Your doctor will likely first evaluate your condition using diagnostic imaging, MRI or Ultrasound. If you are bleeding heavily in between periods, a biopsy of the endometrium(the inner lining of the uterus) may be performed if recommended by your gynecologist to rule out cancer.

You may be advised to stop taking aspirin, nonsteroidal anti-inflammatory drugs (NSAIDs), or blood thinners several days prior to your procedure. You also may be told not to eat or drink anything after midnight before your procedure.

In the radiology procedure room, you’ll have an intravenous (IV) line placed in one of your veins to give you fluids, anesthetics, antibiotics and pain medications.

Typically you’ll receive a type of anesthesia that reduces pain and helps you relax, but leaves you awake (conscious sedation).The procedure involves inserting a catheter through the groin, maneuvering it through the uterine artery using Fluoroscopy, which converts x-rays into video images, to watch and guide progress of the procedure, and then injecting the embolic agent into the arteries that supply blood to the uterus and fibroids which will block these arteries and cause the fibroids to die and begin to shrink which will result in the uterus full recovery.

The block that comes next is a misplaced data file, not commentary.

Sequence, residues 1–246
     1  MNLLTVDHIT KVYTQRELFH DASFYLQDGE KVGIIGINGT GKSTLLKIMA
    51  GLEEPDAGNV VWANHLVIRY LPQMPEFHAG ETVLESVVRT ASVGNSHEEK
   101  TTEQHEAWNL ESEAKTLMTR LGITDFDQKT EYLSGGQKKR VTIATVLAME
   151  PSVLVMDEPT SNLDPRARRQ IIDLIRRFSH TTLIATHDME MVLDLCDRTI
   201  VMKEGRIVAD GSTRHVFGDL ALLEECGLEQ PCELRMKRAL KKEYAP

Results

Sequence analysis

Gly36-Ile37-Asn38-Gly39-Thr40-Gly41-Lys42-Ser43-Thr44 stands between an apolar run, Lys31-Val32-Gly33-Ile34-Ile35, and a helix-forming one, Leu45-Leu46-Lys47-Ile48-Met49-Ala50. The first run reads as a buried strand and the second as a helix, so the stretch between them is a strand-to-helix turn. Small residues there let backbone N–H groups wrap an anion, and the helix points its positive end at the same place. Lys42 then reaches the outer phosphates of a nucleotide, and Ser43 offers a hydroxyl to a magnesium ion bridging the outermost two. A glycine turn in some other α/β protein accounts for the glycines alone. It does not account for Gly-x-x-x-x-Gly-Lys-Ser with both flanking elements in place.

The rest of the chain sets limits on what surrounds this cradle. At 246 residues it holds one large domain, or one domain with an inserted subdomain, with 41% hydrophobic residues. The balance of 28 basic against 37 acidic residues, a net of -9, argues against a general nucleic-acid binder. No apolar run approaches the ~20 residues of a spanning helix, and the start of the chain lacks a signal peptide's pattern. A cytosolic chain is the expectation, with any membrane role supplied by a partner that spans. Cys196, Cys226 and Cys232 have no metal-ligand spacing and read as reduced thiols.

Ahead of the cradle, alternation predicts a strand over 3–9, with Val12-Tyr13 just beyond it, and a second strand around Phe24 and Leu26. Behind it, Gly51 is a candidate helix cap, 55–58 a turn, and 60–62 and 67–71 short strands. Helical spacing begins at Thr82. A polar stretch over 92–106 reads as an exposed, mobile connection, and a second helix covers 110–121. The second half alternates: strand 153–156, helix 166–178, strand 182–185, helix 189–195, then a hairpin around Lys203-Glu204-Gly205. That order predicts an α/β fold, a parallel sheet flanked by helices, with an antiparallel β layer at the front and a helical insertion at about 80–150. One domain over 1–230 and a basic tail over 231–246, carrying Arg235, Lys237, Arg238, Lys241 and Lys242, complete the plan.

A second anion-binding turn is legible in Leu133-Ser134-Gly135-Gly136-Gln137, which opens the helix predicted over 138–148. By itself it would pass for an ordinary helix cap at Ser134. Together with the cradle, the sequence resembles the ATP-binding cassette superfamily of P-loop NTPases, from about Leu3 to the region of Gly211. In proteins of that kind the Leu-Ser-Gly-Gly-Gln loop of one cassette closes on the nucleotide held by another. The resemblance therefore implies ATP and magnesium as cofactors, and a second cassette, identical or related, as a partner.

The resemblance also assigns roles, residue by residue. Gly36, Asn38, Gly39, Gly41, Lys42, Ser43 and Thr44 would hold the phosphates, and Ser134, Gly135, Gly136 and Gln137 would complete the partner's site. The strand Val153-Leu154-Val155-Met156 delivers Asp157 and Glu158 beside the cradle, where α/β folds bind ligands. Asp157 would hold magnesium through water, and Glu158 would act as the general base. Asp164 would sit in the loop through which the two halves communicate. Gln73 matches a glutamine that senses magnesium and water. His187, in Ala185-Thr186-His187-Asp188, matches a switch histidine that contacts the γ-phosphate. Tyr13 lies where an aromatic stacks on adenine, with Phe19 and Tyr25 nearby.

In the recovery room, your care team monitors your condition and gives you medication to control any nausea and pain.

  • You must lie flat for several hours to prevent pooling of the blood (hematoma) at the femoral artery site or femoral artery.
  • Pain. The primary side effect of uterine artery embolization is pain, which may be a reaction to stopping blood flow to the fibroids and a temporary drop in blood flow to normal uterine tissue. Pain usually peaks during the first 24 hours. To manage the pain, you receive pain medication.
  • Observation. Post-embolization syndrome — characterized by low-grade fever, pain, fatigue, nausea and vomiting — is frequent after uterine artery embolization.

Post-embolization syndrome symptoms peak about 48 hours after the procedure and usually resolve on their own within a week. Ongoing symptoms that don’t gradually improve should be evaluated for more-serious conditions, such as an infection.